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Teacher to teaching assistant

Discussion in 'Teaching assistants' started by TAWren, Jul 7, 2011.

  1. Hi
    QTS qualifies you as a TA, but HLTA is a status not a qualification, you have to be assessed against set standards. I am not sure, but I don't think QTS includes these standards. Not because it is higher that QTS (It clearly isn't)but because is is tailored for the HLTA role.
    Some on here will say that teachers do not necessarily make good TAs, but I guess you won;t know until you try.
    Good luck
  2. hubcap

    hubcap New commenter

    I would apply for HLTA, we have a teacher who works as one and hasnt got the status.
  3. I think you should just apply for HLTA positions. You might find though that the lack of experience is still something which holds you back, in which case a Level 3 position may be desirable.
    As a teacher who became a TA I went to an HLTA meeting and was laughed at when it became apparent I already had QTS. The competencies are similar; you've already shown that you're capable of achieving them.
    As long as you're aware that you will be taking quite a pay cut!
  4. Pugwash

    Pugwash New commenter

    Sorry to barge in like this but I have a similar problem. I am a qualified science teacher with a PGCE middle years science and QTS (2005) but I didn't complete induction - due to many reasons which I won't go into but I did about 4 intermittent terms (inductable) and from 2007 I've been teaching mostly supply. But due to lack of work I started a job in industry working as a chemist since November 2009 and am still there - but I want to return to education as I believe I need to do something useful with my life which was why I did a PGCE in the first place.
    I realsie I'm not suited to teaching - stressful and 'takes my life over' etc...so I can't enter as a teacher but I'm wondering if I can apply for TA jobs? I'm sure I'd like tis role as long as I can afford to pay the bills..
    I left education in November 2009 and have no recent experience...most TA posts ask for at least an NVQ level 3. I have 2 degrees and a PGCE etc...but no NVQ. Would It benefit me if I did a home study NVQ level 3 teaching assistant?
  5. picsgirl

    picsgirl New commenter

    I can only answer about the NVQ -as NVQ's are being phased out and replaced by the QCF qualification, in the area where I live you can no longer do a NVQ on it's own, you have to do a full apprenticeship - which is a mixture of the NVQ & technical/knowledge certificates. To complete these you have to be working in a school, I just finished my level 2 and had to work for a minimum of 16 hours (some providers may let you volunteer instead of paid work). None of the provider will let you take level 3 unless you are in paid employment.
    Some HE colleges still run the technical/knowledge based certificates and you can also do these online. You don't always have to be working for these- but it does vary.
    But as you say the adverts mention NVQ - as this a competance based certificate you have to be observed in a school setting.
    However, education providers and what qualifications are accepted vary from region to region, there is no national standard.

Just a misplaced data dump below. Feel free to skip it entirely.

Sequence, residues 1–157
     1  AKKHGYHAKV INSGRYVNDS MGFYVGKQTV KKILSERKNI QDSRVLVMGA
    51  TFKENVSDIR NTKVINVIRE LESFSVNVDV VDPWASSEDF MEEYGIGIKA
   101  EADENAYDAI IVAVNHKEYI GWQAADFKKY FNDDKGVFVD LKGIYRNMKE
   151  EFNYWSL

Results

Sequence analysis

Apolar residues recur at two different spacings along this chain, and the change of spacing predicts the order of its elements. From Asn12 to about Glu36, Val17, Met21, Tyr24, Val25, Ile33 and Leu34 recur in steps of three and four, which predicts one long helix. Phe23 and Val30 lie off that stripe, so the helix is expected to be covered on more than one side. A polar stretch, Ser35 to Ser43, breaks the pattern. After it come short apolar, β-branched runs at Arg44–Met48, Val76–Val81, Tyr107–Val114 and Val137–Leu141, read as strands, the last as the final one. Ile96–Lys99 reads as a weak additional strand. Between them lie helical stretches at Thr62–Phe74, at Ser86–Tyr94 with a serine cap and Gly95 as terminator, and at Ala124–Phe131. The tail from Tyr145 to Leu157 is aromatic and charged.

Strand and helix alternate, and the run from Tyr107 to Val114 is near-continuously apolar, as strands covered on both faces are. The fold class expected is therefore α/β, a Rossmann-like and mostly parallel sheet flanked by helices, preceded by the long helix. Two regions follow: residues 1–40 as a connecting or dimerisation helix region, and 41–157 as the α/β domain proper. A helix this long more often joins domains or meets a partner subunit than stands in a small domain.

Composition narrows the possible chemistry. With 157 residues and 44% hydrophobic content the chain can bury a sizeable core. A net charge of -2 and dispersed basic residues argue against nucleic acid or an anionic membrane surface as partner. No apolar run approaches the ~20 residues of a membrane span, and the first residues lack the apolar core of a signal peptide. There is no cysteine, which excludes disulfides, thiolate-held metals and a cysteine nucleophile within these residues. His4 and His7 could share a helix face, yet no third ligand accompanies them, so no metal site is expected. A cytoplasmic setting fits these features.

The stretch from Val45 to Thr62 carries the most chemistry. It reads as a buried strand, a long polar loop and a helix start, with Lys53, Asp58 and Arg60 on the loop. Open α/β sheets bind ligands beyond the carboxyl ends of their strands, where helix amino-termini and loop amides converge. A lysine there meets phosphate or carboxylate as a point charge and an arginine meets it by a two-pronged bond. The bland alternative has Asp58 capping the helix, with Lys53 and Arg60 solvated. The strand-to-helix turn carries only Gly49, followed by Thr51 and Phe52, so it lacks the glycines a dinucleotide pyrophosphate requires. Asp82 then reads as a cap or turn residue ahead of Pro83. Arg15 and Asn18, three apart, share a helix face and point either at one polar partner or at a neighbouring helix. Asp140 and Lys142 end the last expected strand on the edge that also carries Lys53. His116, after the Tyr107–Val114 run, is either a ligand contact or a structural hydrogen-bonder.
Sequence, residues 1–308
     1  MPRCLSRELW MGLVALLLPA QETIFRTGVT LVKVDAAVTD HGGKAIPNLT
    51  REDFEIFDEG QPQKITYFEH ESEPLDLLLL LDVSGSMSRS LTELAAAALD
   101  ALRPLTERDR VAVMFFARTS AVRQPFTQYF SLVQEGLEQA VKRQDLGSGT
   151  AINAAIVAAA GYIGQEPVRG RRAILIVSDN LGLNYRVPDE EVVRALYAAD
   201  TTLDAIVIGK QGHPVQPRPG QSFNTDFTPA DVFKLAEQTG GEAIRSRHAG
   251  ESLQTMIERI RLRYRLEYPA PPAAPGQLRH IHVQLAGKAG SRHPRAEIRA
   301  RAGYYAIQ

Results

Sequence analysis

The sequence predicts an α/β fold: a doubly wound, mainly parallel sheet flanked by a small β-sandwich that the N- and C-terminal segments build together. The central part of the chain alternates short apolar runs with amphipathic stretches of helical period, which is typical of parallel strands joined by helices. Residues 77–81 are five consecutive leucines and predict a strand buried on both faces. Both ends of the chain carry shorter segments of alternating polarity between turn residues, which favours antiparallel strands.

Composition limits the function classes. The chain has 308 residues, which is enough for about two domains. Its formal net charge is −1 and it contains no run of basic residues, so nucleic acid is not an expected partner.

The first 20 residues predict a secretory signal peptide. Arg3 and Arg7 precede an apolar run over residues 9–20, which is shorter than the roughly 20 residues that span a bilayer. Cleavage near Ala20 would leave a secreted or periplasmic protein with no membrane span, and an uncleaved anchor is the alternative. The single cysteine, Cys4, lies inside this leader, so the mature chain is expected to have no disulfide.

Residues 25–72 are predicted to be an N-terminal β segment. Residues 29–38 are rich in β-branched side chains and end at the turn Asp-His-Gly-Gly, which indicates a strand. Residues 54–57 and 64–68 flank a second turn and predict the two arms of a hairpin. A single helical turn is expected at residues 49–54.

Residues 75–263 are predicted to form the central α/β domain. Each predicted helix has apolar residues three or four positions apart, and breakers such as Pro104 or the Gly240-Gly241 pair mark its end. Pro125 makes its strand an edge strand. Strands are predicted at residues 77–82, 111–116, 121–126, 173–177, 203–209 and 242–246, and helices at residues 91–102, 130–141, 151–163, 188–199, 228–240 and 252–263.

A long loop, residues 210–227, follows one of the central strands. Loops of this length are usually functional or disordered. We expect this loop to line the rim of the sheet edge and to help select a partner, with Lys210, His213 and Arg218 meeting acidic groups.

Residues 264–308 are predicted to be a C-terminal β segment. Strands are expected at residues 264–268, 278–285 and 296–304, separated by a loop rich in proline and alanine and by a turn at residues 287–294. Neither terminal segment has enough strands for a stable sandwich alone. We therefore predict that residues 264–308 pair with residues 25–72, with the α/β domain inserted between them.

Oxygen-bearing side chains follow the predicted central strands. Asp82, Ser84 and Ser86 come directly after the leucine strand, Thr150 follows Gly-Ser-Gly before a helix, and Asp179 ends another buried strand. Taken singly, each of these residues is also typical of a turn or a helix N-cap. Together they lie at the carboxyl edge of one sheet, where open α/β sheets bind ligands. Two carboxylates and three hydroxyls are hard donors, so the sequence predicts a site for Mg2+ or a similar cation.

6. @ pugwash ... QTS is a recognised TA qualification. So you would really just need to gain some recent experience before applying for TA jobs.

    Good luck!

  7. Pugwash

    Pugwash New commenter

    Thanks! At the moment I'll try to do some voluntary work on the day (one Friday per fortnight) I'm off work...and apply for level 2 TA positions (if I can afford financially).
  8. I'm in a similar position - got QTS, did my induction year, then 2 years of supply and one-to-one teaching. I'm also interested in moving into SEN, so applied for and yesterday was offered a Level 2 TA job. They didn't ask for SEN qualifications, but did ask why, with a PGCE, I now wanted to be a TA. If you're interested in more on applying for TA jobs, look at the separate thread, under Teaching Assistants, on Interview Questions - I found it really helpful. Good luck with it all.
  9. I tried going for HTLA jobs, then LA, and even CS, but nothing. I had one interview for a science TA, for which I thought 35 years of teaching maths and chenistry might have stood me in good stead, but no. At one of the three TA interviews, I was asked this question: "Do you think you have sufficient subject knowledge in science, Mr Dog?"(I felt like saying, "Yes, I do, and it is Dr Dog, actually," but I didn't).
  10. Hi, if anyone has moved from a Teacher to a Teaching Assistant job - what did you do about your pension contributions... can you continue to pay into the Teacher's scheme/ will the employer make a contribution... or is it better to just opt out?
  11. Ophelia 9

    Ophelia 9 New commenter

    As a TA you would be eligible to join the Local Government Pension Scheme - this is an excellent scheme to which employers do contribute and there are currently negotiations between unions and employers to treat this scheme differently to other Public Sector ones as it is so financially healthy (ie, it does not rely on Government funding to pay its pensions but does so from investment profits.)
    I very much doubt that you would be allowed to remain in the Teachers scheme but I do not know this for certain so someone else might have a definitive answer to this. Unless you have already accrued a very large pension pot do not even contemplate 'opting out' as the long-term repercussions will almost certainly not be good!
  12. Thanks Ophelia - I appreciate your reply.

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